Data Center Planning &
What are the challenges?
Presented by David Tremont, Director, Network Services
Bracewell & Giuliani LLP
An OLD story about the data center of the future
This data center runs 24/7 with only a man and a dog.
The man's job is to feed the dog.
The dog's job is to make sure the man does
not touch the servers.
Location, Services, Protection
• Heat Density
Data Center cooling strategy
Uptime for critical systems
• Energy efficiency
Reduce energy usage
• Power Density
Volume power density with
Location – determining the location can be a challenge relating to
disasters, terror threats, accessibility, Metro infrastructure (power grids)
Services – Generator services, UPS capability, ATS.
Protection – Security, Fire suppression/protection (ECS FM-200
systems, “Clean Agent” extinguishing systems, sprinkler systems, etc).
Federal, State, County, City Building codes/regulations for electrical, fire
systems, fire alarms, security, etc.
Emirates Tower Offices
Defining Basic Network Metrics for Data Center
Can I monitor my Network, Server Farm, WAN, DIA, PRI/SIP connections for
uptime, SLA, Jitter, utilization and latency?
Are backup services for network available via redundant paths, alternate routes
without degradation that will affect access to critical systems?
Do I have metrics to determine points of failure, electrical usage, environmental
issues, application usage and performance?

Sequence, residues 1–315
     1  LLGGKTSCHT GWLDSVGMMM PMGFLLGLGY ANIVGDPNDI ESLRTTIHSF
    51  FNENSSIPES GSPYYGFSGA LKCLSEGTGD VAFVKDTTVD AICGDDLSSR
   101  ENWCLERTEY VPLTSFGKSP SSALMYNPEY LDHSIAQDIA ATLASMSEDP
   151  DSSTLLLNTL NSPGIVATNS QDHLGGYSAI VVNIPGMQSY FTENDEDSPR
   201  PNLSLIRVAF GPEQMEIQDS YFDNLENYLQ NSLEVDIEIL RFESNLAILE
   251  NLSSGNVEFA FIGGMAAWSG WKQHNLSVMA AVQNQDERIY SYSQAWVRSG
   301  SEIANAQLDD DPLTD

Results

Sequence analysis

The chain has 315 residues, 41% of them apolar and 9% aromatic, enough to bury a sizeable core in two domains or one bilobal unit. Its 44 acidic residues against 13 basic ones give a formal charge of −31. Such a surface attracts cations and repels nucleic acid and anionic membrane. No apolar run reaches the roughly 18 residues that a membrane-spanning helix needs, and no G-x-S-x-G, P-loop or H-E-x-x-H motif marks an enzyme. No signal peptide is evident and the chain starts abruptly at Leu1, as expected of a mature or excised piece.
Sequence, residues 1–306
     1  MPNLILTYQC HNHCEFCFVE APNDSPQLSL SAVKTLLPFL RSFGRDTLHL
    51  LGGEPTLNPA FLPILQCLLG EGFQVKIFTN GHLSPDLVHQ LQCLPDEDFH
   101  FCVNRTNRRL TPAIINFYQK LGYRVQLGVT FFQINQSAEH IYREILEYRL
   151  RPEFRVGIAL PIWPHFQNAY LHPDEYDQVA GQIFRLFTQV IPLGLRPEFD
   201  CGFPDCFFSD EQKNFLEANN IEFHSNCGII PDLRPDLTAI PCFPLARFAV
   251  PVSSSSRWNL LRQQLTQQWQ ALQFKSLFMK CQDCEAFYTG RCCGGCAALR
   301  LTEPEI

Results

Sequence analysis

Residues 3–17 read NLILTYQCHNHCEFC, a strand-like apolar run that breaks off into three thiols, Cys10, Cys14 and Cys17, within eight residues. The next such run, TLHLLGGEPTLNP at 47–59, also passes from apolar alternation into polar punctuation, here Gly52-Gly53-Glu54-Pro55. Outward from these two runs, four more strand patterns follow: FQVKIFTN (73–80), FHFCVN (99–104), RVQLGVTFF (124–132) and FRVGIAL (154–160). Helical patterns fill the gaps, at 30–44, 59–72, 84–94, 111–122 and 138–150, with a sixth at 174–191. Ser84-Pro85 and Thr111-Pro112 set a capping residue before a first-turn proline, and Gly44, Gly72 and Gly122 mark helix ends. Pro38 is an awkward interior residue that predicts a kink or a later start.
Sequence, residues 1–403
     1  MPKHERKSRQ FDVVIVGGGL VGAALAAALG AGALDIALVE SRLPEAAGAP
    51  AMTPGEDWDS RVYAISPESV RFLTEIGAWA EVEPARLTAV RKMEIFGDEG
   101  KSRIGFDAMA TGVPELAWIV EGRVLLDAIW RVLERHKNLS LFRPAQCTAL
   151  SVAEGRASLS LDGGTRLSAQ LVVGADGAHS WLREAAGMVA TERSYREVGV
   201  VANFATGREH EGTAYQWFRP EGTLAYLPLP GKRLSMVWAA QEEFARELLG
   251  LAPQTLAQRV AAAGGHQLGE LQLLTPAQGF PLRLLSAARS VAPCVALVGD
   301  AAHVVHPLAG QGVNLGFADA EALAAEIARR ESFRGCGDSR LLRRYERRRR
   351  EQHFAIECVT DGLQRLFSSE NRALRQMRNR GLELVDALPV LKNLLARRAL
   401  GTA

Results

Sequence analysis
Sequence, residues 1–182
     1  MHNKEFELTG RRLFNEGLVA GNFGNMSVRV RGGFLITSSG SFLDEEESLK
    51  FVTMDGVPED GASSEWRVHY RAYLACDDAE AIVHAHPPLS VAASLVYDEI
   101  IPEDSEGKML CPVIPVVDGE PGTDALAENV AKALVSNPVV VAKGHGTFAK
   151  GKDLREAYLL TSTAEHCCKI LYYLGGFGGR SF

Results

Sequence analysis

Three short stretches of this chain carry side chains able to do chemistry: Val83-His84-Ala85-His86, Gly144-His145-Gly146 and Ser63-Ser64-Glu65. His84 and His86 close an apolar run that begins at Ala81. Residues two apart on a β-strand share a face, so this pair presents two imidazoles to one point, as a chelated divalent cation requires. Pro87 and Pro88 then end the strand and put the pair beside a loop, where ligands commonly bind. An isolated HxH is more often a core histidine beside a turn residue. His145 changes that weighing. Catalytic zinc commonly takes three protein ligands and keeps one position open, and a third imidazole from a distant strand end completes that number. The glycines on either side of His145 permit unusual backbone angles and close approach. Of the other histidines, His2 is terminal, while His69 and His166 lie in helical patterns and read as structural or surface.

What type of granularity do I need for reporting to Senior Management?
Do I have the ability to monitor these services for SLA via my own application or
do I have to utilize multiple tool sets or rely on the vendor? (single pane of glass)
There are 5 categories of gross space within a technology space or data
center that require specific use planning relative to heat density:
Electrically active IT hardware product footprints.
These consist of computers and telecommunications equipment
including communications frames, servers, rack-mounted equipment,
DASD and tape systems.
Service clearances for the above equipment
Site Infrastructure support equipment
This includes facility equipment installed on the raised floor or within
the technology space supplying cooling or power to the IT equipment.
Cooling systems include chilled-water air handlers or computer room
air-conditioning units, critical power equipment covers, in-room UPS,
Electrically inactive areas
Main isles, cross aisles and incidental storage
Monitoring specific zones within the data center environment
Generators, UPS, Batteries, A/B power, Circuit sizing
Need to know when power events happen!
under utilized servers
Hot aisle/Cold aisle Layout
Why is power density important?
It is important to understand your power density requirements so you know what amount of
flexibility you have in each cabinet you buy.
Let's imagine you are using 10U blade servers in your environment, and each one uses about 4
kW of power. A cabinet is typically 40U - 45U; but if only 4 kW is supported per cabinet you will
be using the max amount of power while only occupying 1/4 of the space in the cabinet.
If you have 4 of these blade servers, would you rather put them in 1 cabinet or 4? Since the
costs for this space is basically designed on a per cabinet basis, you can see that if you
extrapolate this example out over a large environment, you will see huge inefficiencies in a low
• Failed Systems
It is all about …..
Images from Opmanager